Rapidly developing construction and automobile sectors are anticipated to drive the demand for interiors, exteriors, and under-the-hood components, the research firm said, with the rising scope of application of plastic compounding in under-the-hood components in the automotive industry; in building interiors and exteriors in the construction and infrastructure industries; and in the electronics, durables, and wires and cables industries anticipated to fuel the market growth.

But the COVID-19 outbreak has affected the raw material prices of plastic compounding, the report also noted. “Recently, crude oil prices slumped due to the global pandemic,” it said. “A decline in demand, halts or slowdowns in the manufacturing industry, and restrictions in supply and travel are resulting in the reduction of crude oil prices. Thus, the raw material providers who can procure or store crude oil in the current situation can generate a significant profit margin.” The pandemic has affected the revenue generation of the companies operating in the global market, the report continued. “For instance, SABIC, one of the prominent players, witnessed a decline in revenue in the first quarter of 2020 by 18% as compared to the first quarter of 2019 due to decreased product demand as a result of challenges in supply/demand balance caused by the pandemic,” it said.

BioBased Polymers and Recycling

-Breakthrough Methods Help Integrate Renewable Hydrogen With Waste Carbon Dioxide To Produce Clean Fuels, Chemicals, and More

Wind, solar, and battery storage appear to be a winning combination for clean electricity systems, but to make the leap to a sustainable energy system, another ingredient is necessary: low-carbon fuels

The National Renewable Energy Laboratory (NREL) has been collaborating with utilities and startups at the frontlines of high-renewable systems to make the technical and economic case for renewable fuels as we transition to a clean energy economy. BioBased Polymers and Recycling

With continued cost reductions for renewably generated electricity from sources like wind and solar systems, NREL is validating utility-scale hydrogen-production processes that could provide tomorrow’s clean fuels and chemical feedstocks to produce low-carbon, high-value products.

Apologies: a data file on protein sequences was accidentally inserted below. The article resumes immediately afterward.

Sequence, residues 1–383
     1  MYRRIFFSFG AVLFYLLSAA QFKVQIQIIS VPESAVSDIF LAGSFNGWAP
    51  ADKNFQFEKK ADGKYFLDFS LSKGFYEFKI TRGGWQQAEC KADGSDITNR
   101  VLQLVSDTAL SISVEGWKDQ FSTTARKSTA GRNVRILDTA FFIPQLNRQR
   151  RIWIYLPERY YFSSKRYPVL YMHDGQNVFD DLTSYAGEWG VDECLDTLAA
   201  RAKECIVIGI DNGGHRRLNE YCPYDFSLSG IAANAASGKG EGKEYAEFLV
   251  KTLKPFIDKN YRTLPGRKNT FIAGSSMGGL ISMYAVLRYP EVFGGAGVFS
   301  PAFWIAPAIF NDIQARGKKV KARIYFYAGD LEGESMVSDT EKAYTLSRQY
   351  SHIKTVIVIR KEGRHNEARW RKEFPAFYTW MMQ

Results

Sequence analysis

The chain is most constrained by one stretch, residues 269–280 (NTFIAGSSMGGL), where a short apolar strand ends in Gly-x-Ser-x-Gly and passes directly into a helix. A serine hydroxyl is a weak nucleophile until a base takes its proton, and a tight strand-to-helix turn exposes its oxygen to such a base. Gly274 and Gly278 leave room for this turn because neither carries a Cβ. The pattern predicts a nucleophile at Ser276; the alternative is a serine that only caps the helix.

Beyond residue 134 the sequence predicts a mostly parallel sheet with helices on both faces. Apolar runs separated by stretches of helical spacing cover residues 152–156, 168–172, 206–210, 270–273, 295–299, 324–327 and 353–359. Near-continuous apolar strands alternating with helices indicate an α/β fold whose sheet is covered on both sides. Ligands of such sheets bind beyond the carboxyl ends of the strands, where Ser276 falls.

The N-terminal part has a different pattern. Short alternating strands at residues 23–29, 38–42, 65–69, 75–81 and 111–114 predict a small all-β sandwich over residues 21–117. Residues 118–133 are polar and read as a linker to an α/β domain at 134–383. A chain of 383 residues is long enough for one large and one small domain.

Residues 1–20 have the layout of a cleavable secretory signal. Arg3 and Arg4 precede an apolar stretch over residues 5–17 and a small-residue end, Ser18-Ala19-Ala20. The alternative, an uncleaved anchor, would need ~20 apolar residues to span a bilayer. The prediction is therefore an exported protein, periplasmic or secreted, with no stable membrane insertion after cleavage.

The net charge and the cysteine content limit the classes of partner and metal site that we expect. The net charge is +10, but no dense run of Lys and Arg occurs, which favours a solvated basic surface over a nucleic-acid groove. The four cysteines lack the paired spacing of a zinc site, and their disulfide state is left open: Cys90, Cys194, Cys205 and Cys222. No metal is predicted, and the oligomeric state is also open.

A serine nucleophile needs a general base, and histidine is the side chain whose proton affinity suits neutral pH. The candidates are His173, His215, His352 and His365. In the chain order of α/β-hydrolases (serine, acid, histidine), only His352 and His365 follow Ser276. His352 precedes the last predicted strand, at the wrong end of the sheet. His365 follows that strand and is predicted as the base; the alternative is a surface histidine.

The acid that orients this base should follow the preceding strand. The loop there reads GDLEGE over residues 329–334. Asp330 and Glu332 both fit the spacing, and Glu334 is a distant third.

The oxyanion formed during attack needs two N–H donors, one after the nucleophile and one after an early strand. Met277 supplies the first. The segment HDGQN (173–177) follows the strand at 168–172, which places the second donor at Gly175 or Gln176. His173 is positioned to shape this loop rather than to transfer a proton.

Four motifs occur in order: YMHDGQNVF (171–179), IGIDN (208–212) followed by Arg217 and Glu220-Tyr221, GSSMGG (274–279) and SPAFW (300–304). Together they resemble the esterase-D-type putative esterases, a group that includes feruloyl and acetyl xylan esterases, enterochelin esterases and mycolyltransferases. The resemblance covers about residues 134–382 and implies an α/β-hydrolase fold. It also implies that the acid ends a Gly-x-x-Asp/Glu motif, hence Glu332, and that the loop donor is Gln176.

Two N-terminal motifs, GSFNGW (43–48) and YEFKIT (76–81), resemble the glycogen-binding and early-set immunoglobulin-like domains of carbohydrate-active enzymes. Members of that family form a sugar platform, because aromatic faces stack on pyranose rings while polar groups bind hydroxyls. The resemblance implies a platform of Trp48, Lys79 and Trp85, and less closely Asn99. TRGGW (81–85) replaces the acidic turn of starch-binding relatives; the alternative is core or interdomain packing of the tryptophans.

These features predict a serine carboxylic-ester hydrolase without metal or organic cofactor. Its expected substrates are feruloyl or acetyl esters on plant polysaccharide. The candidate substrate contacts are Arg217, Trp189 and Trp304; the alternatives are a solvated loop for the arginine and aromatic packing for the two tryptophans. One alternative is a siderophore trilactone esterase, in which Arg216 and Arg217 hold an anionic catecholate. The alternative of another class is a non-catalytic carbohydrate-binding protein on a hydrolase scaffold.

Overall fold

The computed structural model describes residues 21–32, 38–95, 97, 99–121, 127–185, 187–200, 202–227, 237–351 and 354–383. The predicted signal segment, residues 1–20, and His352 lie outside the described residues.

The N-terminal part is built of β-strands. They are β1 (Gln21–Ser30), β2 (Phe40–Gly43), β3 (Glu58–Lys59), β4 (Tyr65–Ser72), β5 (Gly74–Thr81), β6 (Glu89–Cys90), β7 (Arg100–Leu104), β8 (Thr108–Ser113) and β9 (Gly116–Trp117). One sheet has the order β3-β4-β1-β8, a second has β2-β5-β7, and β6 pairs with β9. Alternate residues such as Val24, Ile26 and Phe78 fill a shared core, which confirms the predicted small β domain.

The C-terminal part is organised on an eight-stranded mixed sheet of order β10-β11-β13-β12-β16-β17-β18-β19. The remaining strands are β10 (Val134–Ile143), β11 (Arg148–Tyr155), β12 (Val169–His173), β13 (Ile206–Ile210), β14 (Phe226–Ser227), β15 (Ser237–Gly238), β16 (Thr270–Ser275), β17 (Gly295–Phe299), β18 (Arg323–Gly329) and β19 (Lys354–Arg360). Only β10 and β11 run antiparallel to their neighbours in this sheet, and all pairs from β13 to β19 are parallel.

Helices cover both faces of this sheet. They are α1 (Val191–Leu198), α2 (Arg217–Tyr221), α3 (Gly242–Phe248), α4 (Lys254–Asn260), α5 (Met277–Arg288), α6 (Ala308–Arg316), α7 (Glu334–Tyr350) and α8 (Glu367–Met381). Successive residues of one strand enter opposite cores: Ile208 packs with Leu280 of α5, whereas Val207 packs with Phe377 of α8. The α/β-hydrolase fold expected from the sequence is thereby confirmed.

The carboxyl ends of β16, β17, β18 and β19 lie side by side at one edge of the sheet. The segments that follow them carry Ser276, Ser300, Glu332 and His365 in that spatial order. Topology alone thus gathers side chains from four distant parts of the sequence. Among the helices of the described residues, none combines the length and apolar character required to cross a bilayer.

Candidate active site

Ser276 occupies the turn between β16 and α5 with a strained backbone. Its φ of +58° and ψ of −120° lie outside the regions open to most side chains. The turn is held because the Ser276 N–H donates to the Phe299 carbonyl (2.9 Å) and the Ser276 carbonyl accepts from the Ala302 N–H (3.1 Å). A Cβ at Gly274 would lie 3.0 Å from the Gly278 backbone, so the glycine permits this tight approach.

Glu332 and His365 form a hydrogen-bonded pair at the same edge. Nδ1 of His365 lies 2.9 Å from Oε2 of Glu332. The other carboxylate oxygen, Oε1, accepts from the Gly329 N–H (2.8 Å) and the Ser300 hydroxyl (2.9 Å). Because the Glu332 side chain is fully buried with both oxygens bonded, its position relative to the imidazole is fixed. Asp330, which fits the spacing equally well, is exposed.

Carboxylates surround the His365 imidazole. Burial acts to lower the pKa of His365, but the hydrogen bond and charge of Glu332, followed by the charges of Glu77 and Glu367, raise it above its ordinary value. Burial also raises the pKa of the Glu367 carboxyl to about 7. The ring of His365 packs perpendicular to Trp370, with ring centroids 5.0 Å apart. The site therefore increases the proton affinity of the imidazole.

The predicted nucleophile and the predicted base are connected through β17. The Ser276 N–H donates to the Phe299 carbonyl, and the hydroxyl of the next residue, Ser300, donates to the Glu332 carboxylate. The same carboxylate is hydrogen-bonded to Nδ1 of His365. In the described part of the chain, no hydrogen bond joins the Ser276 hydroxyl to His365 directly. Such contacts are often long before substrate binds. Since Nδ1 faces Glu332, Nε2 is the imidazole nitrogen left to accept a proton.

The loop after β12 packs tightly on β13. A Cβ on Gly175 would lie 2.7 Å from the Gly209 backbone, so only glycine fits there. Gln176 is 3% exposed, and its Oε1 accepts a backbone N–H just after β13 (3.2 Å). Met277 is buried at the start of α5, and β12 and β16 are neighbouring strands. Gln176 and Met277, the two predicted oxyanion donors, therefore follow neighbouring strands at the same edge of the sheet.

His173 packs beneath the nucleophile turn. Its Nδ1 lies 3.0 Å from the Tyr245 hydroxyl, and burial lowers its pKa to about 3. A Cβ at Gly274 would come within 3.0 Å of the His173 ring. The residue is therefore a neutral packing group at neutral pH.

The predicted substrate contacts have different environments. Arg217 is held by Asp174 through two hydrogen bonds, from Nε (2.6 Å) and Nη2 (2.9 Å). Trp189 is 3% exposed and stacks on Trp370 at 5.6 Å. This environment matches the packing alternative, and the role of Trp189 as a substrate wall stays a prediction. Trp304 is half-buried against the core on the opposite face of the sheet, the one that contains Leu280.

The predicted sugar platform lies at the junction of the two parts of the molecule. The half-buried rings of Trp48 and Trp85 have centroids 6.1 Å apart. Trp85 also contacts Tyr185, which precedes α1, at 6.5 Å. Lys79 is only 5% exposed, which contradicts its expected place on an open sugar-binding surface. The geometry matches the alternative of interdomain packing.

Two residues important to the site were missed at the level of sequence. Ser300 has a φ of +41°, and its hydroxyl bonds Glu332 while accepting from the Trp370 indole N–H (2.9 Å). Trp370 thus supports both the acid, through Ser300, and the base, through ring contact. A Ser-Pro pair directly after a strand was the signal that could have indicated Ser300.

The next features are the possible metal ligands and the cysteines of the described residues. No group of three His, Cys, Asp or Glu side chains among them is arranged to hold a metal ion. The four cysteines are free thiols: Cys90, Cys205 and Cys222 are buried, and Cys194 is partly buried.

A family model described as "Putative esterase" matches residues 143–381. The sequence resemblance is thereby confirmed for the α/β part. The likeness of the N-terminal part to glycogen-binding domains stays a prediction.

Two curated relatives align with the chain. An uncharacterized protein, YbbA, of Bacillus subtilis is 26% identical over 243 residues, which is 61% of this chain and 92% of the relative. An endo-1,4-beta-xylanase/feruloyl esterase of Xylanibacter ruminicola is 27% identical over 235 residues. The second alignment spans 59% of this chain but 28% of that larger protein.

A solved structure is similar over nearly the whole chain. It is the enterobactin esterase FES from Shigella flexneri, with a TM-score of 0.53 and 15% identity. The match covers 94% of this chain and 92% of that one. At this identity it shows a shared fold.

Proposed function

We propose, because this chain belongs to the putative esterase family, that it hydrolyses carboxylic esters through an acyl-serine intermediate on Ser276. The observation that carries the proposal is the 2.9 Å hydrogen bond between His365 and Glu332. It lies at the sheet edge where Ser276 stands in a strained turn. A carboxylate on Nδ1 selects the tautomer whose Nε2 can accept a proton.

New IP To Simplify Renewable Hydrogen Reactions

Renewable hydrogen could fit into future low-carbon energy systems like a missing puzzle piece: It can be produced by wind and solar power when there is excess supply, it could be moved in pipelines to achieve longer-term energy storage, and it is a useful fuel on its own.

But an NREL duo known for pushing the limits of power-to-gas is innovating another direction for renewable hydrogen, focused on upcycling carbon waste streams into key energy products. The NREL team is focused on tightly integrating two processes—renewable hydrogen production and downstream chemical reactions—to cut the capital costs and improve the efficiency of the overall process. Along the way, they are demonstrating novel approaches that will aid in decarbonizing our energy system.

Breakthrough Methods Help Integrate Renewable Hydrogen With Waste Carbon Dioxide To Produce Clean Fuels, Chemicals, and More

-Global Plastic Compounding Market

Trelleborg’s Soteria FRV can be shaped to fit areas of any size.

An ultra-lightweight, fire-resistant material has been introduced by Trelleborg’s applied technologies operation for use in electric vehicle (EV) battery protection and increased fire-risk applications.